Najee--Mind Over Matter 

This latest from veteran saxophonist Najee is pure Najee with new motivation and vision. Mind Over Matter, the CD’s title (a title inspired by the late Miles Davis’ improvisational approach to songwriting toward the end of his career) and focuses on the feel  and groove of the music as opposed to the usual mechanics of it all (phrasings, harmony and melody balancing, etc.). This is an at-its-core production that simply goes with the flow, and what a flow it is. Najee’s inherently polished skills in both musicianship and songsmithing remain clearly intact and devoid of the ho-hum of some jazz that’s rushed through just to keep the bills paid.

The album is full of freshness and evidence of the serious yet fun experience that Najee brings with him to the studio with each recording. The opening track, a mid-tempo light yet funky and smoky piece, is flavorful and catchy. The second track, co-written by newly highlighted saxman/writer Darren Rahn, has the hook, rhythm, and melody that fit Najee like a glove. Then, there’s the title cut, a groove-rich tune with a pinch of spicy funk and a lot of that smooth jazz rhythm we’ve all come to know and love. This one not only features some really well-done sax runs by Najee but some sharp keyboard action from co-writer Will Brock.

A cool horn arrangement and the suave vocals of Eric Benet do the trick for the slinky and soulful “We Gone Ride,” then it’s back on the dance floor with the moving “Stolen Glances,” a piece written by the iconic composer/keyboardist Jeff Lorber. One listen and you can’t help discerning that the veteran keys wizard had his hands all over this one, as his flair for that mid-tempo pausing kind of funk seeps through unambiguously. Of course, Najee’s sax does wonders with this fine collaboration. The same thing holds true with the other piece on which these two collaborated, “One More Thing.” As its finale, the album escorts in the fine, smooth vocals of Gary Taylor to complement the soul-stirring sax work from Najee with a mellow R&Bish nod in “Moon Over Carolina.”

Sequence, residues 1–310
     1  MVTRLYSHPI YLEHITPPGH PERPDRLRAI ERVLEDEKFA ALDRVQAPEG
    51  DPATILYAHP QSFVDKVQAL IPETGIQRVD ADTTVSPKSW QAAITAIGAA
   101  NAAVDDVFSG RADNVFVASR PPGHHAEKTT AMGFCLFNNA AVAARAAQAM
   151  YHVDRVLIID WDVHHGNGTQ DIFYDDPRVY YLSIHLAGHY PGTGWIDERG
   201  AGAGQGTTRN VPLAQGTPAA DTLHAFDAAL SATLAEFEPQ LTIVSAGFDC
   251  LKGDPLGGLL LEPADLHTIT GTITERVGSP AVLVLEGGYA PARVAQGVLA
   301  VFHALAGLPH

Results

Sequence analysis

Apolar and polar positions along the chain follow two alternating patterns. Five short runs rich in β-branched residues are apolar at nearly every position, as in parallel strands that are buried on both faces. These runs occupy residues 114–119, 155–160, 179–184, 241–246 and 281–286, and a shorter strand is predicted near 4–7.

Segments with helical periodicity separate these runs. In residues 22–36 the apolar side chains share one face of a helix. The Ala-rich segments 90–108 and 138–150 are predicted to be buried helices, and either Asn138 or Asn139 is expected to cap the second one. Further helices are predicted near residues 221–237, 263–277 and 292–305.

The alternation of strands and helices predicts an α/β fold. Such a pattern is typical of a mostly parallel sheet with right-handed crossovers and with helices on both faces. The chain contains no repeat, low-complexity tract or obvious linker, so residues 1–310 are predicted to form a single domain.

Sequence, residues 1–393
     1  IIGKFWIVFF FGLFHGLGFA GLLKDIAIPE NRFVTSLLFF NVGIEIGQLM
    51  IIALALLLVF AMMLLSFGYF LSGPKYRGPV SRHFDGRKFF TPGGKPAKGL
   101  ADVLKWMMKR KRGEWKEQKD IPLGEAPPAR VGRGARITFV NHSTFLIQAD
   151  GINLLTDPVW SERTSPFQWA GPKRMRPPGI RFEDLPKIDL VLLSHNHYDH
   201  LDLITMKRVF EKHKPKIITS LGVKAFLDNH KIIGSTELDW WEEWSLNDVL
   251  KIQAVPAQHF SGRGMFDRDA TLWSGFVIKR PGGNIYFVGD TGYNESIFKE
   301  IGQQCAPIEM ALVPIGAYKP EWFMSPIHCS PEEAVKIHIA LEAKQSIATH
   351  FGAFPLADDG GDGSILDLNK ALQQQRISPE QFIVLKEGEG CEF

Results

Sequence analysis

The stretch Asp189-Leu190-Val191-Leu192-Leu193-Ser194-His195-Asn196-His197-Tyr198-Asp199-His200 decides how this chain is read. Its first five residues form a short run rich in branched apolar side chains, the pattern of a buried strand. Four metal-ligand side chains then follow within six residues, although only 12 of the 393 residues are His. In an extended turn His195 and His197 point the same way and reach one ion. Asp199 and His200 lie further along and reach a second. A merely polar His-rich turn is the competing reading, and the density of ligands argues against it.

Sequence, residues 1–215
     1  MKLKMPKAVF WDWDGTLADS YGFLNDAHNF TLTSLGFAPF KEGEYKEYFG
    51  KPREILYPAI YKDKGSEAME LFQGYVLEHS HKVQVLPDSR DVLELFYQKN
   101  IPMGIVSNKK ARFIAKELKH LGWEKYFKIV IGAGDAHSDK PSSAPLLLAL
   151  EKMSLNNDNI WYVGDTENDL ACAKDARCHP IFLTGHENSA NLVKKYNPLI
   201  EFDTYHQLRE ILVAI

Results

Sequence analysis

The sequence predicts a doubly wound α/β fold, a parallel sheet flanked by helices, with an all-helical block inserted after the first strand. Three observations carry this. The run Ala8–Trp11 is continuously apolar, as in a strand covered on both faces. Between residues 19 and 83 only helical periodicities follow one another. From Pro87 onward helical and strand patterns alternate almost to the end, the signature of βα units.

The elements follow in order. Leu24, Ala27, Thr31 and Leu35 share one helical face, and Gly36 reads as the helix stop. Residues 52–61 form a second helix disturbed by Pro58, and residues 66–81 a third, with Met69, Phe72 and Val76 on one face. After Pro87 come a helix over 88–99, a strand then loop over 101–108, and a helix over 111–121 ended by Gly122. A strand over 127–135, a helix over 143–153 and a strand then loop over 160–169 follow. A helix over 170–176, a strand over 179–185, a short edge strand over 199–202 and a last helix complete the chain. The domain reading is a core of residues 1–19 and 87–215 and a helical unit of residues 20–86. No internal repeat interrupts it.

And so it goes throughout the album. Once again, Najee proves why he’s lasted so long in this business of smooth. Placing mind over matter does work as is evidenced on this hefty project. -- Ronald Jackson